Obama’s right-hand woman: ‘I want a giant, beautiful nerd to get heard’
Alyssa Mastromonaco, author of So Here’s the Thing..., on the race to succeed Trump
Alyssa Mastromonaco: the former Obama staffer says the Trump White House is uniquely hard to watch
In 2017, Alyssa Mastromonaco published a memoir, Who Thought This Was a Good Idea?, about her time working in the Obama administration. Between 2009 and 2014 she was director of scheduling and, later, deputy chief of staff for operations, two all-encompassing roles that saw her function as the US president’s right-hand woman.
Mastromonaco was the first Obama staffer to exit the traps with a memoir. Those expecting a highfalutin career retrospective were in for a surprise, however, as Mastromonaco waxed lyrical about everything from menstrual mishaps to irritable bowel syndrome. (“You would be surprised how many people come up to me in an airport and they’re like, ‘Oh my God, I have IBS too’,” she says.) The book became a bestseller, with the film rights optioned by the actor and comedy writer Mindy Kaling.
She received messages from readers asking her to elaborate on some of the topics she had written about, and others she hadn’t. “I am a very curious person, so I kept a running list of things that people asked about,” says Mastromonaco. “It was enough for another book.”
If Alyssa Mastromonaco was nervous about revealing too much in her first book for fear of embarrassing colleagues, she had no such issue this time
The just-published follow-up, So Here’s the Thing..., is subtitled Notes on Growing Up, Getting Older and Not Giving a Shit. Once again, Mastromonaco writes frankly about her career, politics, relationships, motherhood and, yes, IBS. If she was nervous about revealing too much in her first book for fear of embarrassing colleagues, she had no such issue this time. “This one I felt much more comfortable letting my truth out all over the place,” she says.
Born and raised in New York, Alyssa Mastromonaco made her first foray into politics as a college student when she interned with Bernie Sanders. Today, she credits Sanders for holding left-leaning positions on healthcare and wealth inequality long before they became socially acceptable. “Bernie has always talked this talk,” she says. “I think the other 2020 candidates who are johnny-come-latelys to his positions should acknowledge that he has had these positions for his entire political career.”
After working a number of other jobs, she found her way to John Kerry and landed a gig as director of scheduling on his unsuccessful presidential campaign. In 2004, she worked on Barack Obama’s senate campaign. It marked the beginning of a working relationship that would last a decade.
Returning to civilian life after Donald Trump’s election, she took top posts with Vice Media and A&E Networks. She now serves as a senior adviser to Naral Pro-Choice America, advocating for women’s right to choose when it comes to abortion services, is a contributing editor to Marie Claire, and a contributor to Crooked Media, a podcasting network founded by Obama alumni.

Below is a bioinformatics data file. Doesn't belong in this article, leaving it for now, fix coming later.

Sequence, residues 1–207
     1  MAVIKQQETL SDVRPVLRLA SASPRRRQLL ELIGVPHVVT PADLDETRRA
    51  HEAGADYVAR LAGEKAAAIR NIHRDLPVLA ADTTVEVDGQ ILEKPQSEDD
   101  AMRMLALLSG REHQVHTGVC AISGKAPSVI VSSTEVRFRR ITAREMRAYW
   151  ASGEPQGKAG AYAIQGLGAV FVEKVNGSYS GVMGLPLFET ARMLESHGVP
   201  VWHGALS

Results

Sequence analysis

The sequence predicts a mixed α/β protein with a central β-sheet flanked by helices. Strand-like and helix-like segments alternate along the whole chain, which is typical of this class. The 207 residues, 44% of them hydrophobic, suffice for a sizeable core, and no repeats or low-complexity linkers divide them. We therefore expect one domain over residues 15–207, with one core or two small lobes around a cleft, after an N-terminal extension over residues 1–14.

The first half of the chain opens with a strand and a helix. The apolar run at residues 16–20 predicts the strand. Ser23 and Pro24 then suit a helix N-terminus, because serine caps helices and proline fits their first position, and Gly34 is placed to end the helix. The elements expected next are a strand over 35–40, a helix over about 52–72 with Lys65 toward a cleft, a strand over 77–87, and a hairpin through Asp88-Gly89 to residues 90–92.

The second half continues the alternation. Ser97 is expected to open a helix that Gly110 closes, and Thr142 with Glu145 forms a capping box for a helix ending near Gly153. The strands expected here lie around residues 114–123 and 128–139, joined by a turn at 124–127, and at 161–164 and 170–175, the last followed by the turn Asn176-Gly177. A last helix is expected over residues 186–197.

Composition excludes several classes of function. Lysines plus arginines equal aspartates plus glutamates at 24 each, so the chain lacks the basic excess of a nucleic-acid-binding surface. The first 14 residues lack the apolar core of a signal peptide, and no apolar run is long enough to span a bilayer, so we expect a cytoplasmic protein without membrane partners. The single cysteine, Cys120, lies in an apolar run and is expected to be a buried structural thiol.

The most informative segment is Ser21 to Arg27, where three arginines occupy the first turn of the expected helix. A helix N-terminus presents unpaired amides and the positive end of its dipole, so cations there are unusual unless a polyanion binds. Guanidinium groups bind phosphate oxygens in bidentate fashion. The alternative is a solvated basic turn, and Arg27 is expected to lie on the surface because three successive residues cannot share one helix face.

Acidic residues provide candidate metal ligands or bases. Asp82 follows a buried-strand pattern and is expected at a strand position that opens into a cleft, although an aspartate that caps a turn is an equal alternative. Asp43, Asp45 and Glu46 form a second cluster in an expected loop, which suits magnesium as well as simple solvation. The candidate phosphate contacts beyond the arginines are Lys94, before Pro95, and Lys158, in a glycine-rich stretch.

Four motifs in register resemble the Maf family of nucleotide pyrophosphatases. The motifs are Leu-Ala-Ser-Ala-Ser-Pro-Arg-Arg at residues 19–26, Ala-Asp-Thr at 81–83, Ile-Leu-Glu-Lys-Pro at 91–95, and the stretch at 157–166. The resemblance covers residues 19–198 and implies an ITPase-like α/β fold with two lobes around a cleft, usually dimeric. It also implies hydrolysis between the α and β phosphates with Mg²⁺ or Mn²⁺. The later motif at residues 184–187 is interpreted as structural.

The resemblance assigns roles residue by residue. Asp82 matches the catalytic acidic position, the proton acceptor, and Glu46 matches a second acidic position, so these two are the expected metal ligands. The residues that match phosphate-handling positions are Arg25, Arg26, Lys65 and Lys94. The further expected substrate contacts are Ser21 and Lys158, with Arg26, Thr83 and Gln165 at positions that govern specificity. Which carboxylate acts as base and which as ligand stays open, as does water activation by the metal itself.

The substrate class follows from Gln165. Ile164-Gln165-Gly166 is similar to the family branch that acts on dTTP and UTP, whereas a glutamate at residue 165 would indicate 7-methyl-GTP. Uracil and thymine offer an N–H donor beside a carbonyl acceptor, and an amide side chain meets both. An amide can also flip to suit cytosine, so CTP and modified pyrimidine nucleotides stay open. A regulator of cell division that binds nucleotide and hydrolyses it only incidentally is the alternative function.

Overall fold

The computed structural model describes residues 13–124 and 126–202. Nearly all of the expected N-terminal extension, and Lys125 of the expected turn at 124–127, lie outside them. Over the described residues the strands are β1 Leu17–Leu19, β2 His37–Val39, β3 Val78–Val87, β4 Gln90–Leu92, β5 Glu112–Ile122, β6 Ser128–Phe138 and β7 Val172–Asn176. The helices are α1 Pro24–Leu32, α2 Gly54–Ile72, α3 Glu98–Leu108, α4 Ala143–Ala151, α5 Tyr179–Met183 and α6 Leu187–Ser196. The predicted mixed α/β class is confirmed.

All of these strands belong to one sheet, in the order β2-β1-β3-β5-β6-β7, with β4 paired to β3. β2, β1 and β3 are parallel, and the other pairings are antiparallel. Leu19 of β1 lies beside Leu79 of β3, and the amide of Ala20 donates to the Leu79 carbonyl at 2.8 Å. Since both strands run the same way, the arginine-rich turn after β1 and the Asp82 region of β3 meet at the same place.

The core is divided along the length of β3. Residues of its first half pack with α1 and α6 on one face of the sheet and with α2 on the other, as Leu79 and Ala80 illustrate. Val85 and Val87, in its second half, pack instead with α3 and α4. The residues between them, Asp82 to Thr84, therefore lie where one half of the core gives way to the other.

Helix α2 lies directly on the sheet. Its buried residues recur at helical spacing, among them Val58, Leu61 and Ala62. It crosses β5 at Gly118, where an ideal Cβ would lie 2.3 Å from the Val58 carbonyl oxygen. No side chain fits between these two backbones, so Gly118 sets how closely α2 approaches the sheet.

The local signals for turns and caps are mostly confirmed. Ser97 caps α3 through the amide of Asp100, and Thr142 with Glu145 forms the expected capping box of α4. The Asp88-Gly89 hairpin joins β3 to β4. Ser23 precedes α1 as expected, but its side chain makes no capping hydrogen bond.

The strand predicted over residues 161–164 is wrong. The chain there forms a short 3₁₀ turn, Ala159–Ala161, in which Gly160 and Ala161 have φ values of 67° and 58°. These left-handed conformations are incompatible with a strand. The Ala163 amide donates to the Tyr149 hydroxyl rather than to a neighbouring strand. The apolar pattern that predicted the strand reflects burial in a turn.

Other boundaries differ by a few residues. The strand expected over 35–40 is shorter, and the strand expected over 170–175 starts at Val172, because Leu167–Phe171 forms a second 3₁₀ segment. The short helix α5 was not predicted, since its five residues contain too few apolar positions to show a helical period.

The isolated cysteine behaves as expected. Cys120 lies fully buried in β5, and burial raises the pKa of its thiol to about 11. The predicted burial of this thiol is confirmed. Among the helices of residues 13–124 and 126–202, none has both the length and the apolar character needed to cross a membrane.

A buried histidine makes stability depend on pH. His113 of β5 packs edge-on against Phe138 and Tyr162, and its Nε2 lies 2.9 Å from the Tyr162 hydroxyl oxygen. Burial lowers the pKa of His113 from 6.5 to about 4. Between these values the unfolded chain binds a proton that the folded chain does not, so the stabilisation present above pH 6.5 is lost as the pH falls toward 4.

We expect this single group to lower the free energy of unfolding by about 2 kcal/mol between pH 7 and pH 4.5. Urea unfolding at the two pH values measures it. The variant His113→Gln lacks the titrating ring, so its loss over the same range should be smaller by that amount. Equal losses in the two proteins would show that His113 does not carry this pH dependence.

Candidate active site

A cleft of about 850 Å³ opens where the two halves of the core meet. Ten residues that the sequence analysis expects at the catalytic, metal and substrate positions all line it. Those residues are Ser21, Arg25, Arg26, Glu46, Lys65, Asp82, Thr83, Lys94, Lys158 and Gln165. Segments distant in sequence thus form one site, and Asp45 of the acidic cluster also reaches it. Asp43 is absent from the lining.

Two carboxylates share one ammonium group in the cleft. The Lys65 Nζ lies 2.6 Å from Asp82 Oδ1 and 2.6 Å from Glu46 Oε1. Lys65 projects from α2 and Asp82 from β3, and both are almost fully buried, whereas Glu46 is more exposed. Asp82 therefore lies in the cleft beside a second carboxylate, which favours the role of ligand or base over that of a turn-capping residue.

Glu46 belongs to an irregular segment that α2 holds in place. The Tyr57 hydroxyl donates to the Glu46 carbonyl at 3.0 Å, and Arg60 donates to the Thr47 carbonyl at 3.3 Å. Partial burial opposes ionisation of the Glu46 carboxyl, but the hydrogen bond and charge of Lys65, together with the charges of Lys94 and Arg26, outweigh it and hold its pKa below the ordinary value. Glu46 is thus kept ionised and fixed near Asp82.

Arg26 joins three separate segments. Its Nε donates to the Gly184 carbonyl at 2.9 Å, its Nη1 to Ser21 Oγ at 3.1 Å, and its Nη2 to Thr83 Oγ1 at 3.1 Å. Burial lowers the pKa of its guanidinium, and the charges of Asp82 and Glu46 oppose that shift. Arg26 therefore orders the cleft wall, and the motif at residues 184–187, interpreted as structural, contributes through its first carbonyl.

Now 43 years old, she is married with no children. She tackles the latter in a chapter on motherhood and fertility. At 35, Mastromonaco underwent fertility testing, which determined she had a low egg count. She queries why not having children is the only thing she “can’t be 100 per cent sure about”. That uncertainty about motherhood is something she says she hadn’t seen explored before.
“How many times have you seen someone on television be like, ‘You know what? I just don’t know,’” she says. “Because they’re afraid people are going to say, ‘You know, you know in your heart one way or the other.’ Is my ambiguity about having kids because I have taken care of people for so long in my career that I just didn’t have it in me? I don’t know the answer. I think we need to make it okay to say that.”
Elsewhere in the book, she tackles politics and offers her take on the state of the union. As a former White House staffer, she says the actions of the Trump administration are uniquely hard to watch.
“They do not respect the building or the institution,” she says. “They don’t say or pretend they are governing for all of the American people. President Trump routinely says, ‘My voters, my voters, my voters’. That’s the part that is dispiriting at best, and utterly depressing at worst. Every political campaign and candidate needs to ascend in the office, and they have not done that.”
A self-described socialist, Mastromonaco is a staunch advocate for universal healthcare, and aligns herself with the more left wing faction of the Democratic party. Last year, she supported Cynthia Nixon’s bid to become governor of New York. Though the actor was unsuccessful, Mastromonaco credits her with shifting Governor Andrew Cuomo’s positions further left.
That said, she isn’t quite ready to abandon capitalism. “I think there’s a difference – and they have been conflated over here – between capitalism and greed,” she says, decrying the “sell at any cost” stance adopted by gun manufacturers and the pharmaceutical industry. “Capitalism works.”
What are her thoughts on the already crowded Democratic field for 2020?
“I want to see all the candidates put forward their proposals,” she says. “I want to make sure that someone who is a giant, beautiful nerd like Elizabeth Warren – who isn’t so flashy, but who is one of the most intelligent people on the planet – gets heard as much as someone who is drawing huge crowds at rallies.”
More than anything, she hopes that Democratic candidates and supporters steer clear of infighting and keep their eye on the prize. “I hope they keep it cool.”
So Here’s the Thing...: Notes on Growing Up, Getting Older and Not Giving a Shit is published by Little, Brown